For decades, many of the greatest horror films came to the screen as much brimming with scares as with commentary.
At their best, horror films act as societal mirrors, where the ills of the day are dressed in supernatural garb to grab the audience’s attention.
From George Romero’s Night of the Living Dead and Dawn of the Dead, to current horror auteur Jordan Peele’s layered and dark Get Out and Us, the genre is rife with parables and metaphors that have something to say about the world in which they were created.
Remi Weekes’ His House feels from the off like a film we will still be talking about in twenty years time. The story of two asylum seekers from South Sudan fleeing from slaughter in Africa, His House tells a familiar tale from a fresh perspective, with a voice that rails against the bureaucratic nightmare that so many face when looking for a home in Britain.
Bol (Sope Dirisu) and Rial (Wunmi Mosaku) have travelled to our shores in the most dangerous and difficult of circumstances, sacrificing everything in their bid to live a peaceful life. Having suffered a tragedy in the crossing, Bol and Rial try to start again in an unwelcoming and hostile environment, and in a house where nothing is as it seems.
His House is a gorgeously shot film, with ethereal dreamscapes flitting in and out of the frame seamlessly, giving the movie itself a haunted and disorientating feel.
Whilst set primarily on a bland, maze-like housing estate somewhere in England, the film spreads its wings and encompasses the breadth of the ocean to bring us harrowing images and scenes from the life the couple are trying to forget. Packed with great ghosts and unsettling moments, His House works as ghost story first and foremost, where the scares and mood are placed front and centre.
Whilst undeniably a haunted house movie, His House is to be commended on the way it refuses to play to the genre’s conventions. There are no lengthy discussions regarding the nature of the evil in their home, no sceptical rationalisation of the supernatural events, Bol and Rial quickly accept the truth of the horror living in their home and resolve to face it.
Sope Dirisu (Gangs of London) is fantastic as Bol, a man desperately trying to build a new life and forget the toll the journey to England has taken on his soul. Whilst outwardly strong and positive, a bubbling and bruising sorrow seems to be forever lurking behind his eyes. And as the ghosts of Africa make their presence known, threatening to destroy the new life he desires so much, his attempts to hold firm are heart-breaking.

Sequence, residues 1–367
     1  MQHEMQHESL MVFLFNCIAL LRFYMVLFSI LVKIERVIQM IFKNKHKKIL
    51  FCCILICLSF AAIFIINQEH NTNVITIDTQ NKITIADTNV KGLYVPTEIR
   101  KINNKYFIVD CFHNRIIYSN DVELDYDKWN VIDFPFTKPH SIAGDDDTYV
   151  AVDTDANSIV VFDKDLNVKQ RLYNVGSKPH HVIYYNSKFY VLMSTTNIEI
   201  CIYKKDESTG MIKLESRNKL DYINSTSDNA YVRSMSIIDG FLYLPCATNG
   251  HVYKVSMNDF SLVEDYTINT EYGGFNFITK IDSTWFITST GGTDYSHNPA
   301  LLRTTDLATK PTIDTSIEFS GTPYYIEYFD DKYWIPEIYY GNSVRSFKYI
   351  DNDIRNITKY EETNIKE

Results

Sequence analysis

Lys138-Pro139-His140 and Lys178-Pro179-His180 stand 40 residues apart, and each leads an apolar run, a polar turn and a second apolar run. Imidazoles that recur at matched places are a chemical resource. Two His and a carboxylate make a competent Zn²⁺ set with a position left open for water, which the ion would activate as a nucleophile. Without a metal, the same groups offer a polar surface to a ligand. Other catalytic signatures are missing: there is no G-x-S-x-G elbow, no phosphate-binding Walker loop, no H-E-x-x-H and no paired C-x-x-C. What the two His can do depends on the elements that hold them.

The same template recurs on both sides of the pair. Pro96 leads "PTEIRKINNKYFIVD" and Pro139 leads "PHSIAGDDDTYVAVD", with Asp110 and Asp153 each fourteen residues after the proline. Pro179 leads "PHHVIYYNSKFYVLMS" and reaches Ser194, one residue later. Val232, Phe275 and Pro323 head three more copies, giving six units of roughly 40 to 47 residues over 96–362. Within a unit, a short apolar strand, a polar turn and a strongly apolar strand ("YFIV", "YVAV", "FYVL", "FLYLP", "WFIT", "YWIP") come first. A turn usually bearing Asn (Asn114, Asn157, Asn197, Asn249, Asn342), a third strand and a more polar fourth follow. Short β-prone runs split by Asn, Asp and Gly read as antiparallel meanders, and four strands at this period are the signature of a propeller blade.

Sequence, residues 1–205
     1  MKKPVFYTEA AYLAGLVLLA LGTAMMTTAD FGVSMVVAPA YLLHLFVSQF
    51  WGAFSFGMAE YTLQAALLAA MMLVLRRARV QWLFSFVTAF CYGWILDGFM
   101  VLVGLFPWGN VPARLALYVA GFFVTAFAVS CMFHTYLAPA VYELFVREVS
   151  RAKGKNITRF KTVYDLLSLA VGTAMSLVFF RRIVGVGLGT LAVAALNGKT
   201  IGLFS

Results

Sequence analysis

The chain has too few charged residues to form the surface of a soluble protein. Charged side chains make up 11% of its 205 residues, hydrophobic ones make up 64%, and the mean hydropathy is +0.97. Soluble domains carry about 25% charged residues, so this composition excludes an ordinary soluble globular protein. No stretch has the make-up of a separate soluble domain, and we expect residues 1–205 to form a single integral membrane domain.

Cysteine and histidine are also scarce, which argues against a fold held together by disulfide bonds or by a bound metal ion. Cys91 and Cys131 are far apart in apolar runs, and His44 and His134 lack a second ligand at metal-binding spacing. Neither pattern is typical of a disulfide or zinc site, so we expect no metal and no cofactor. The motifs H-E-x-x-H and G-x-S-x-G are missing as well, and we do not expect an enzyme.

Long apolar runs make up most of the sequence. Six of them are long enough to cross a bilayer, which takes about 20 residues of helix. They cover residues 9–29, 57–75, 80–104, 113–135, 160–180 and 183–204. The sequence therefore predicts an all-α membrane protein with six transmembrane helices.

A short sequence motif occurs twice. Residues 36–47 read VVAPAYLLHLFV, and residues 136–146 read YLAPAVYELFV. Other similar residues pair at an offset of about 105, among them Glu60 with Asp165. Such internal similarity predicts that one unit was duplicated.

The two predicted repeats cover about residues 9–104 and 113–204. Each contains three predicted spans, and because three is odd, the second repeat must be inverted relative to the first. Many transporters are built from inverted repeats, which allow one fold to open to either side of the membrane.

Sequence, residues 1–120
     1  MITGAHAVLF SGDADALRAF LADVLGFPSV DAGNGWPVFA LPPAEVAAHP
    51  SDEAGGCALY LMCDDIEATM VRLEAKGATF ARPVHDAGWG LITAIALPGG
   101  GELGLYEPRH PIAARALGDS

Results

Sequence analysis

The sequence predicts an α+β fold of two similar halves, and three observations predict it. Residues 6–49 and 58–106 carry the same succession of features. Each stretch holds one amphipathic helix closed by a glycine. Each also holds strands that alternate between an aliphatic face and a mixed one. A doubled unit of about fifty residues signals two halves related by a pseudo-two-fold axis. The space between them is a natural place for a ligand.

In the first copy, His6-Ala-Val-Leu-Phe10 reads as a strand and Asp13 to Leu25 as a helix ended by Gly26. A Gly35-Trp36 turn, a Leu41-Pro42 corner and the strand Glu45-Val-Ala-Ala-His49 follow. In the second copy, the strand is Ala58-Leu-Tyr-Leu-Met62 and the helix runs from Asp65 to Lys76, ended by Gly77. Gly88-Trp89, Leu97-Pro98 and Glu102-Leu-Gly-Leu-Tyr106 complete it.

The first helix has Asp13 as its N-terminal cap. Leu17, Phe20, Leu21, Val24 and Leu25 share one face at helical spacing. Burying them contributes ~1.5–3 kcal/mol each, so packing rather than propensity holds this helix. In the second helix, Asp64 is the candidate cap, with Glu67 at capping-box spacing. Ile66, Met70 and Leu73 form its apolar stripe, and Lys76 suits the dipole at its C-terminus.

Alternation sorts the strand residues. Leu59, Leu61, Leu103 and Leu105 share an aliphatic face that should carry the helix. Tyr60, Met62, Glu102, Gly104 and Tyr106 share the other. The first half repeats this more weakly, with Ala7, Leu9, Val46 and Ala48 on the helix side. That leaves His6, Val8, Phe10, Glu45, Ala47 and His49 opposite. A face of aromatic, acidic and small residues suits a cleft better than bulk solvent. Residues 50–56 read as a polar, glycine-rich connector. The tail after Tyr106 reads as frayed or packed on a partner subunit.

Wunmi Mosaku (Lovecraft Country) is utterly spellbinding in a much more reserved role. Not as easily convinced as her partner to forget her former life, she provides a sad snapshot into the existence of thousands of asylum seekers forced to flee their war-ravaged country for their lives, given grief by the ignorant for not conforming to the British way of life.
Matt Smith (Doctor Who) is a sympathetic and worn-down social worker trying to help the couple settle into their new home. Although appearing friendly and amenable, the weight of his experiences colour his attitude when the couple press him for aid. Smith, as ever, is an incredibly watchable performer who conveys so much with so little as he dips in and out of the film’s narrative.
And while the ghosts and demons on display are genuinely scary (Javier Bodet adds another gloriously horrible demon to his C.V to go along with those found in REC, IT and Slender Man), the film elevates itself by providing a look at the horrors refugees often face when looking to settle on our shores. From the disinterested and passive aggressive social workers who seem full of resentment at the modest help afforded to the couple, to the racist ‘Little Englanders’ who colour the film with hateful and ignorant utterances, the lasting horror of the piece is often found out with the haunted house the terms of their asylum see Bol and Rial trapped in.
Co-written by Weekes, the script is an exercise in precision craftmanship; packed with terrific scares, the film still finds time to act as a scathing commentary on the asylum process and to build two central characters who feel rich and alive.
His House is a ghost story that will fill you with dread and horror, but it is perhaps the film’s social commentary that will haunt the viewer long after the credits have rolled and the demons have faded.
By Hugh McStay
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